Day 315, walk, tech call, tv

Sunday, 10/13/2019

Started with the usual crossword puzzle and coffee at Mme. Collette’s. Then, it only being 9am I thought I would go for a walk around the Dish. That early on a Sunday, surely there would be parking up there, right? Nunh-unh, all the local walkers had already filled up the limited parking by the trail entrance. Plan B, I went down to the Baylands and did a walk there. There were lots of water-birds, including three different pods of white pelicans. Lots of ducks. Marian used to like to use her binoculars and pick out the different species of duck; and she doted on the white pelicans. I didn’t have binoculars with me, so I couldn’t tell a shoveler from a mallard. Actually I think I could have recognized the mallards, and there weren’t any.

I went the three miles from Byxbee park around to the foot of San Antonio road, but rather than close the loop with two miles on pavement, I just called a Lyft to get back to the parking lot where I’d left the car. Back at CH I had a snack lunch in my room and a nap; then went out again. First to FOPAL where the sale weekend was winding down.

Then down to sister-in-law Jean’s to help her with a software problem. She uses the Photos app to manage her huge collection of images, and she had somehow lost a bunch of them. I personally detest the Photos app because it takes possession of your images and stores them in its own proprietary “Library” files. Contrast that to comparable image managers like Adobe Bridge or Lightroom, which leave the images safe in the hands of the OS’s file system, each image a file that you can copy, back up, open with another app, etc. Those managers have their own catalogs, but they don’t hide the images in massive opaque globs where the only access to the image is through Photos itself.

But there it was: Jean had a Library of hundreds images taken in her work in the local diocese and sometime in the past month, most of the images in it had disappeared. Photos helpfully displayed the image names still, but only little blank rectangles to show they weren’t there.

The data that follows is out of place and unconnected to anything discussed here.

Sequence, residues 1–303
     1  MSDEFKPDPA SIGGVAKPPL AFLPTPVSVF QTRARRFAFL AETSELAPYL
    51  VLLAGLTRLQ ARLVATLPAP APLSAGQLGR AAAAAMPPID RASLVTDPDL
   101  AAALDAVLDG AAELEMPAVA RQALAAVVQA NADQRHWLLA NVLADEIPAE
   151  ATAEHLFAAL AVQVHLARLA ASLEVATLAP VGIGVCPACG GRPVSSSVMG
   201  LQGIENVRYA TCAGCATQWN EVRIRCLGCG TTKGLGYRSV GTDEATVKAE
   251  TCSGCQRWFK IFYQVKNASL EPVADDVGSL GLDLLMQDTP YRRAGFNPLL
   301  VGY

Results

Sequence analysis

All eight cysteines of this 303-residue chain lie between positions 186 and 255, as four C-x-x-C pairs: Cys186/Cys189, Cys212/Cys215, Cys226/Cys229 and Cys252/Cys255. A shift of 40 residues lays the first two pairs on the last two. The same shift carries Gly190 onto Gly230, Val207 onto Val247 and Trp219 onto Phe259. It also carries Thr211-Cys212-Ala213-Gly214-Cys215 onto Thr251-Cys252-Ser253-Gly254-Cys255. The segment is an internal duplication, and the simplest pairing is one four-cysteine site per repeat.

Fortunately when I helped her set up her system, back in 2015 after her husband died, I set up a backup drive for use by the Mac’s Time Machine backup system. So now we just started the cool “Time Machine” effect and went back a week and restored that Library, all 27GB of it. One file, 27 gigabytes, contents only accessible through Photos. Unfortunately that version was still missing the images. So we restored a copy from two weeks back. Nope. Each restore cycle taking about 10 minutes for Time Machine to copy the file and then Photos to “recover” its catalog data, whatever that meant. Finally went back a month, and that version, when restored, was 51GB. That’s promising, we said; and when Photos had finished munging it, yes, there were all her pictures up through that backup date. She hadn’t lost a lot of work. So that made me a hero, yay me. I had gone into this assuming it was likely user error (e.g. she meant to delete one picture but accidentally selected a bunch of them), but now I think it equally likely that Photos has a bug where its database gets corrupted. Well.

Back home again, I had a nice supper sitting with Craig, Diane and Patti. Then watched more TV. Before heading off to Greece I had set up the DVR to record three new series that sounded good. One was Carol’s Second Act, Patricia Heaton as an older woman trying to have a second career as an intern. I gave up on this halfway through the second episode. The writing is pretty bad and the jokes are labored.

One was Stumptown, and this I’m kind of enjoying after two episodes. It’s basically a noir detective show, could be from the pen of Raymond Chandler or Mickey Spillane, except that the broke detective with the complicated past, the alcohol problem, and the propensity for getting beaten up, is a handsome woman, and instead of New York or L.A. the setting is Portland, Oregon.

Third is In a Man’s World, where women, with the help of Hollywood makeup artists, go undercover as men, to prove that they were unfairly held back. The first episode was entertaining, although it’s not clear what Emily proves, in the end.

Plus, a new season of Mom has started, and a new season of Bitchin’ Rides, and I have at least three eps of Austin City Limits, and … life is rich, I guess.


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